Press Releases - Page 23 of 27

  • February 6th, 2013
    Statement of Richard Peterson-Cremer, Legislative Director of the Southern Utah Wilderness Alliance, on President Obama’s nomination of Sally Jewell for Secretary of the Interior:
    We are gladdened to see this impressive nominee to be the next Secretary of the Interior. Sally Jewell has a tremendous record supporting important conservation measures while also understanding the numerous uses of our public lands.  Importantly for Utah, she is well-versed in the importance of the outdoor recreation economy and the crucial role that protected public lands play in its success. We look forward to working with Ms. Jewell in the coming years to further protect Utah’s redrock.
  • December 21st, 2012

    Yesterday, a coalition of conservation organizations — the Sierra Club, Southern Utah Wilderness Alliance, Natural Resources Defense Council, Grand Canyon Trust, and Great Old Broads for Wilderness — sent a letter to Utah Governor Gary Herbert urging him to “support the creation of a transparent, fair, public process” to discuss a potential Greater Canyonlands National Monument in Southeastern Utah.

    The letter was cc’d to the entire Utah congressional delegation, as well as Interior Secretary Ken Salazar and the White House’s Council on Environmental Quality Chair Nancy Sutley.

    The conservation letter comes in response to a November 14, 2012 letter to President Obama from Utah delegation members Sens. Orrin Hatch and Mike Lee, and Reps. Rob Bishop and Jason Chaffetz, which called for a public process to discuss the future of Greater Canyonlands.

    In the letter to Governor Herbert, leaders of the conservation community write: 

    “We support the call for executive action to protect Greater Canyonlands. And like those members of the Utah delegation, we also support the creation of a transparent, fair, public process to achieve this. Such a process is something your office should encourage.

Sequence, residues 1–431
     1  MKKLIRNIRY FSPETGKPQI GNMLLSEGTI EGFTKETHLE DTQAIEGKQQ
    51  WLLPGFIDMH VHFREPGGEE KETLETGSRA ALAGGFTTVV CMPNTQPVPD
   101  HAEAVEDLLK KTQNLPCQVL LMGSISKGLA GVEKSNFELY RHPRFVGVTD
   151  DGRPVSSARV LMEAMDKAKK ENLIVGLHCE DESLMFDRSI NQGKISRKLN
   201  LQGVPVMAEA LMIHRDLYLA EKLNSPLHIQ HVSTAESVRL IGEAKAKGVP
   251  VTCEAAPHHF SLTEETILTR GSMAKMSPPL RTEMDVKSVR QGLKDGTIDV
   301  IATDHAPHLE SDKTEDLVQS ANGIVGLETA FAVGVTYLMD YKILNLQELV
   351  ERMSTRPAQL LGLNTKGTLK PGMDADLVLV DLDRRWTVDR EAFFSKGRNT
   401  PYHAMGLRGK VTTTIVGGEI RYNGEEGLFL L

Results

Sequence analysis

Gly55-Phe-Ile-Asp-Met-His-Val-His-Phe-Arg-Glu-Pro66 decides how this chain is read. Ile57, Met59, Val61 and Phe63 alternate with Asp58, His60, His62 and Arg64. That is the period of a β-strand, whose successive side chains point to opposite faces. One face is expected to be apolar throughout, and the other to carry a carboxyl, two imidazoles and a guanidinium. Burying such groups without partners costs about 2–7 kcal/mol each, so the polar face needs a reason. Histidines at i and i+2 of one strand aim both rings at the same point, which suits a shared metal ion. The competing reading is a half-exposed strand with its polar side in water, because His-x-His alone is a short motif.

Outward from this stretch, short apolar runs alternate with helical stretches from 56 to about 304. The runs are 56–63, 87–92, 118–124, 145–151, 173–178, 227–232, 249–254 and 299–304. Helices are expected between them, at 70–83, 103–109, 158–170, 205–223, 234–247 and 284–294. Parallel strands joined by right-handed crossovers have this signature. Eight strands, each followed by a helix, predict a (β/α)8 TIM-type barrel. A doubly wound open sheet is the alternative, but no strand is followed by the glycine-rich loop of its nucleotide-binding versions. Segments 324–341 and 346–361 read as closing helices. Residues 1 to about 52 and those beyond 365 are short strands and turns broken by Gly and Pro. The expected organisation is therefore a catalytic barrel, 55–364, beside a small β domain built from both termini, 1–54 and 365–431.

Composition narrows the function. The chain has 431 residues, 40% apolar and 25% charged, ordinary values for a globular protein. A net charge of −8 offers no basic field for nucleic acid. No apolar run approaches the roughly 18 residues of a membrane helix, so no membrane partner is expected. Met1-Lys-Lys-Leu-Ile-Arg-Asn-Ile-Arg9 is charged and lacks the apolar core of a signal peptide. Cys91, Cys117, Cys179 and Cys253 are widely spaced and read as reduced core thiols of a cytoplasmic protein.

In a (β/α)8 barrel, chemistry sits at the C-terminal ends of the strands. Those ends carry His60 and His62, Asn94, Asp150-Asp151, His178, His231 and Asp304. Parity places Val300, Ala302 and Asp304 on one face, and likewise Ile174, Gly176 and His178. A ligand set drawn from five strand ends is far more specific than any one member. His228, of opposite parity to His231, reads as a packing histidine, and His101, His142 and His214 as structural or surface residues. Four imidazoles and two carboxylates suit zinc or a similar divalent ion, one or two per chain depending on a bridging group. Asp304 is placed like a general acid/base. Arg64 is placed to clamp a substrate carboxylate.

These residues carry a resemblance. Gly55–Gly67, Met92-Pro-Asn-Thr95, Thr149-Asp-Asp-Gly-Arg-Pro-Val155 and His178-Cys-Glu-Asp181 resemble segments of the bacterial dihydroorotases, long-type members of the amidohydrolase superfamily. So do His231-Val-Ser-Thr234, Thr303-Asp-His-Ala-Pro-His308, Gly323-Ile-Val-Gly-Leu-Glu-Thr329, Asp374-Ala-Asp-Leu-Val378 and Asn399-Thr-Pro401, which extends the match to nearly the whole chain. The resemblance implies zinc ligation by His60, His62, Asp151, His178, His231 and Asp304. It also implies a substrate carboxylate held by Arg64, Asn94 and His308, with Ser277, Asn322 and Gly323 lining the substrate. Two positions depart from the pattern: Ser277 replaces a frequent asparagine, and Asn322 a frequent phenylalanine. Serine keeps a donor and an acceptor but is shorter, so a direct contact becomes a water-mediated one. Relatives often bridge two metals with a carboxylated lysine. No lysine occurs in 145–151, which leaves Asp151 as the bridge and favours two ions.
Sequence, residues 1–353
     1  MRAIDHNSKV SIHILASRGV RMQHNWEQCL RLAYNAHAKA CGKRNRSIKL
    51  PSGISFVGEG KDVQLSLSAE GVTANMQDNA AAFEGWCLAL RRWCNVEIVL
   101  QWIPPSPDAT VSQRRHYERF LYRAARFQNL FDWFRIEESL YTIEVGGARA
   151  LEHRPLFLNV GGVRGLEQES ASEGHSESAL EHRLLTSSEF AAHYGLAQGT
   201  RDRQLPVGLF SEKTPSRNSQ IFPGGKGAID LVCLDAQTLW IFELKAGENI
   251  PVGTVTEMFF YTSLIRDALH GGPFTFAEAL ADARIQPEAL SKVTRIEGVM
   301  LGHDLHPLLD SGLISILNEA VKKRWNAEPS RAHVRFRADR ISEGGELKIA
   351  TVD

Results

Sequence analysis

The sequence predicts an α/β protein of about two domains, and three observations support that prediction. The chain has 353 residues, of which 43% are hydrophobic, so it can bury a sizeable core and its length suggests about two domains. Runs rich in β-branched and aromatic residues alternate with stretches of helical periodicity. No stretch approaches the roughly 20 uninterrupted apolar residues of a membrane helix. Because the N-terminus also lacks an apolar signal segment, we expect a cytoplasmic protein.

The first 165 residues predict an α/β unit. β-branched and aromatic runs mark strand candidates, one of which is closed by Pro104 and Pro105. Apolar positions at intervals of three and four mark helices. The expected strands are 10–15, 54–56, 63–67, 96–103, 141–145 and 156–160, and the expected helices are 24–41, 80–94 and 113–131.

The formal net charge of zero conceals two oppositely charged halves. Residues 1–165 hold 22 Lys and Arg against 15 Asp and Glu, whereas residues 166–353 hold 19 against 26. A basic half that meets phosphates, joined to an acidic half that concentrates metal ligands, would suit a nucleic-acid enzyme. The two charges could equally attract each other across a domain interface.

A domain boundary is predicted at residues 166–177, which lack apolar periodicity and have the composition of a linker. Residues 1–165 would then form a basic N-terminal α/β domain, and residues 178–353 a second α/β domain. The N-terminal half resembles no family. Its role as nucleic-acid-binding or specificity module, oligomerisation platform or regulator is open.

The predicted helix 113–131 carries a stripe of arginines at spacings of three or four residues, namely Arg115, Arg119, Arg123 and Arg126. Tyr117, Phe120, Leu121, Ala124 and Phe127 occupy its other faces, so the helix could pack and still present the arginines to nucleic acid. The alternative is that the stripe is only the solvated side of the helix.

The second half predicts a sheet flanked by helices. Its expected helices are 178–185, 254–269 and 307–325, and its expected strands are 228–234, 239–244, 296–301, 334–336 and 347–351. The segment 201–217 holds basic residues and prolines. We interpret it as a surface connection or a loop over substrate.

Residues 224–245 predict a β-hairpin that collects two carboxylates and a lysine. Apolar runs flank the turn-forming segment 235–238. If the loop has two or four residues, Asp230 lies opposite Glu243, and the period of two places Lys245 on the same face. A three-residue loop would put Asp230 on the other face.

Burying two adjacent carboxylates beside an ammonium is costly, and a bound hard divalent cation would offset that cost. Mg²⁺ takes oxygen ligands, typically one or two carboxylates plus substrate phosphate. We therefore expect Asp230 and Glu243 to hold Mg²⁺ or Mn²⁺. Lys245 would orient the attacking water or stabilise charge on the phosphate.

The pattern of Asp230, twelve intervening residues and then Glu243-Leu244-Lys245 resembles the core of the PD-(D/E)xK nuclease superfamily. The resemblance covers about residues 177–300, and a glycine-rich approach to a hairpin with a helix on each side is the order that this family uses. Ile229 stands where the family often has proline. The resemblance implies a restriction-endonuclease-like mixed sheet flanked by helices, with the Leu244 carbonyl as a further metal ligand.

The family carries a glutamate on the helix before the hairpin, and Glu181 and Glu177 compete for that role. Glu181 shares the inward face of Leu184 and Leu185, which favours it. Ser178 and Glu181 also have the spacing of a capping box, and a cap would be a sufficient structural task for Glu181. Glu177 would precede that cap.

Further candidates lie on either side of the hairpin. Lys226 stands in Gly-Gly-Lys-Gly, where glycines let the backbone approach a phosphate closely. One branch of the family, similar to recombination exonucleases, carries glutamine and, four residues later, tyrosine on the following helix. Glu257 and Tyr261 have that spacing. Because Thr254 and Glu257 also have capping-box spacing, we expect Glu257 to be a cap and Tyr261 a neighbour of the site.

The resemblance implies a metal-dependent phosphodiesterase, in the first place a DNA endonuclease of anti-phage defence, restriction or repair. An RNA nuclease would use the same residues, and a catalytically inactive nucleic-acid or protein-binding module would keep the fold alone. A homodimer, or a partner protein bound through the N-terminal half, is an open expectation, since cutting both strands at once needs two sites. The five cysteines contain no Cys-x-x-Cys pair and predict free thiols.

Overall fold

“An open process must include public hearings along the Wasatch Front and in communities closest to Greater Canyonlands and must also welcome input from all Americans, whose stake in this landscape is equal to that of Utahns. It must invite meaningful input from the general public and all stakeholders, including conservationists, scientists, tribal interests, recreationists and the business and development community. It must include an experienced, credible and neutral facilitator.”

    The letter concludes: “We stand ready to work with you and we will follow up this letter with a request to meet with you personally to begin creating such a process to discuss the future of Greater Canyonlands.”

    The Greater Canyonlands area is a landscape of plateaus, stunning geologic formations, 10,000 year old archeological sites, and unmatched natural beauty — including iconic Utah landmarks such as Labyrinth Canyon, Indian Creek, White Canyon, Fiddler Butte, Robbers Roost, Lockhart Basin and the Dirty Devil River. The area encompasses 1.4 million acres of Bureau of Land Management (“BLM”) land surrounding Canyonlands National Park. In November, more than 100 outdoor recreation businesses urged President Obama to protect the area as a national monument.

    Click here to read the full text of the letter to Governor Herbert.

  • November 14th, 2012

    In response to the Report on Utah’s Transfer of Public Lands Act (H.B. 148) presented to the Utah State Legislature Interim Committees today, Southern Utah Wilderness Alliance Executive Director Scott Groene released the following statement:

    “In today’s report, the state of Utah was forced to admit that their proposal to take control of federal public lands is not a money maker for the state and will not help fund Utah schools.

    “Governor Herbert and the Utah legislature should have investigated how much money Utah would lose in a land transfer six months ago, before they passed a law demanding that the federal government hand over 30 million acres of public lands to the state.

    “Today’s report –along with the state’s 22 lawsuits against the federal government over RS 2477 issues — demonstrates that Governor Herbert and the Utah legislature are wasting legislative time and taxpayer money on a fool’s errand.

    “This is not a balanced approach to public lands issues; it’s an idea so radical that voters in Arizona just last week shot down a similar proposal by a 2 to 1 margin. The Utah legislature should similarly drop this idea.”